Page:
Stop me if you’ve heard this one: Four kids walk into a Nar…nia.
Image Courtesy of IMPAwards.com
Director: Andrew Adamson
Notable Cast: Ben Barnes, Georgie Henley, Skandar Keynes, William Moseley, Anna Popplewell, Sergio Castellitto, Peter Dinklage, Warwick Davis
It feels bittersweet returning to Narnia for the second visit, Prince Caspian. The more mature children (that is, adults) of this world are all too familiar with that feeling of moving on and growing up that creeps into the minds of Peter and Susan Pevensie. Still, it feels more poignant, dare I say emotionally resonant, to watch fictional children grow old. Isn’t the best part of fantasy the fact that all our favorite character never age and remain timeless for many generations to read and watch?
Certainly the moment-captured-in-time is appealing, but the best stories show great maturity in dealing with the idea of growing older. C.S. Lewis should be commended for his use of a fantasy world as a way of addressing the changes every young person goes through. Of course, he was not the first, but no one before him had done it with such depth and lustrous allegory. Along with the obvious coming of age topics, Lewis’ Chronicles deal with religion, politics, morality, and philosophy in a way that helps the viewer forget that those are some heavy subjects.
Naturally, particular aspects of subtlety are lost in the transition of the written word to the big screen. One might argue that The Chronicles of Narnia did not necessitate the same flare and bombast that The Lord of the Rings presented. However, it is difficult not to get caught up in the action anyway, and Prince Caspian offers plenty of it. When the aunt of Prince Caspian (Ben Barnes) gives birth to a son, Caspian, the rightful heir to the throne, is told to flee the kingdom or else he will be killed. Caspian’s professor sends the boy into the woods of Narnia in the hope that Caspian may call upon the Kings of Adam and Queens of Eve in an effort to save the kingdom from his uncle, King Miraz (Sergio Castellitto).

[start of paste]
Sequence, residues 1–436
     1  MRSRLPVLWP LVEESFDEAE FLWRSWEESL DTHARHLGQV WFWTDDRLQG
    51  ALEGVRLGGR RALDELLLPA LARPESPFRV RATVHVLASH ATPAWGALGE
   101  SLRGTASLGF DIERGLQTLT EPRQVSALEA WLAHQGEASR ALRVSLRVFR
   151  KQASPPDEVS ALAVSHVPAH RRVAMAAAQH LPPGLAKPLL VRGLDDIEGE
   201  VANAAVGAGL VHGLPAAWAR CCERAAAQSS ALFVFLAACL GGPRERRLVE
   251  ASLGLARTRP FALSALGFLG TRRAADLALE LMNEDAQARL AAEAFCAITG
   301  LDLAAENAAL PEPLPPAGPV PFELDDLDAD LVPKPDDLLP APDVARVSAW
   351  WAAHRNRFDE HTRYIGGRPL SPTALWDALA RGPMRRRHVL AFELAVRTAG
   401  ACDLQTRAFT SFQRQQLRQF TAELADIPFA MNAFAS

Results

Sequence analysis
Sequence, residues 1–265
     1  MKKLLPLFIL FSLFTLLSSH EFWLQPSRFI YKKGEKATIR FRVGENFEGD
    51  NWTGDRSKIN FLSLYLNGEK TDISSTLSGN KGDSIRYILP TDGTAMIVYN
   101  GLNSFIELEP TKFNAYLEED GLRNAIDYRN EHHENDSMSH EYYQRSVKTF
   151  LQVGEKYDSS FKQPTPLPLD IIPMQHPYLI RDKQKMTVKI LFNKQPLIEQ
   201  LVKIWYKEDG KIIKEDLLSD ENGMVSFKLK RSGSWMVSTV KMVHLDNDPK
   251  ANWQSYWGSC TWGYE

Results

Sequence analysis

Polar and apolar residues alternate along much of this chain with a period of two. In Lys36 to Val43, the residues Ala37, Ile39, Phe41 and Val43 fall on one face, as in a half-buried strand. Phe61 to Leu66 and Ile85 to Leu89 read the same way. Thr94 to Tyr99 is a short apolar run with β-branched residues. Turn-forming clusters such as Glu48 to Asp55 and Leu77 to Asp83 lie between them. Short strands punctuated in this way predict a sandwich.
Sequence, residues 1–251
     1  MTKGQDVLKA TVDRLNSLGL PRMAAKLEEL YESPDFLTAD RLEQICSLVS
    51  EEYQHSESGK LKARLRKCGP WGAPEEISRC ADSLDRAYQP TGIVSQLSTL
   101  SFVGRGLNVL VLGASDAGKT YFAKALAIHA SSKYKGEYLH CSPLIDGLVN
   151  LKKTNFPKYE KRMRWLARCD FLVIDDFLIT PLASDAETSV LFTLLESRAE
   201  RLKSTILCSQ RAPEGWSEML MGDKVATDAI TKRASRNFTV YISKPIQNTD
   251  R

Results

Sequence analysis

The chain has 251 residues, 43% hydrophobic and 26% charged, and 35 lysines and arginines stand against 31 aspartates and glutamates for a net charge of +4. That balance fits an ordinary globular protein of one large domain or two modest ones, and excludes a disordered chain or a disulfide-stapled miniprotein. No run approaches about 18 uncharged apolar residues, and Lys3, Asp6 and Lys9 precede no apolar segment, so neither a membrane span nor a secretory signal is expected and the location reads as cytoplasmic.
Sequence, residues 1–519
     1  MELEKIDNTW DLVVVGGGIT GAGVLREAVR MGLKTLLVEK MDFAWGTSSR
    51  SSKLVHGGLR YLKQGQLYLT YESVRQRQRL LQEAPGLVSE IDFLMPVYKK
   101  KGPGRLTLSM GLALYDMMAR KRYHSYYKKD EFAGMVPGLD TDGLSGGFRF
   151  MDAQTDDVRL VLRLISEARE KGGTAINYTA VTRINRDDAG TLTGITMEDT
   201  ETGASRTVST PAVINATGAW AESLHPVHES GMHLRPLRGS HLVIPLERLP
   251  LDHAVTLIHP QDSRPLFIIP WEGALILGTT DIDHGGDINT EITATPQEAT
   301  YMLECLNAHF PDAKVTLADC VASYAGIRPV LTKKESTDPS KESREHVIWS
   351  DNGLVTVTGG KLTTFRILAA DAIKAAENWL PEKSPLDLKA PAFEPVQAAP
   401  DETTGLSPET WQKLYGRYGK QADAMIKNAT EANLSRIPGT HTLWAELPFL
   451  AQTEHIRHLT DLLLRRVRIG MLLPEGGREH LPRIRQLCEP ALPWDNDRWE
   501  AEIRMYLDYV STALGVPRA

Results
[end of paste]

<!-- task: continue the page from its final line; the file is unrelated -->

Legend has it that the past kings and queens of Narnia will return a thousand years later to once again save the land from evil. The Pevensies, the former royalty of legend, are only a year older and struggling with the reality that their actual lives must be lived out in England. When they last entered the wardrobe, they spent a lifetime in Narnia, so it is easy to forgive them for their skewed perception of reality. When they are summoned back to Narnia, it is a much different world than the one they remember, but they face the same task of vanquishing that which is evil in the name of all that is good so that Prince Caspian may fulfill his destiny.
In many ways, the adventures are the same, but the style and tone of this sequel are much more polished than the first installment. Somehow director Andrew Adamson makes less look like far more. The special effects, while still second-rate at times, are not nearly as distracting. The battles are bigger, but they don’t feel overdone. Most importantly, the actors playing the Pevensie children seem quite comfortable in their roles which is a shame, in a way, since this is likely their last time traveling to Narnia together (at least as played by these specific actors).
Yet no matter how many times Aslan, the Jesus-lion, reminds Lucy Pevensie that things never happen the same way twice (ironically that number is two) Prince Caspian feels too familiar. It is only a matter of time before viewers become too old to hear the same story over and over again. It is little wonder that the Peters and Susans of this world try to face forward without feeling completely hopeless about the loss of their childhood; they understand there will be more, albeit different, adventures in their future. But it is important that the Edmunds and Lucys out there do not forget to enjoy it while it lasts. Prince Caspian is good enough to warrant yet another potential visit to Narnia, but I fear that next time I may not be able to go along.
FINAL RATING (ON A SCALE OF 1-5 BUCKETS):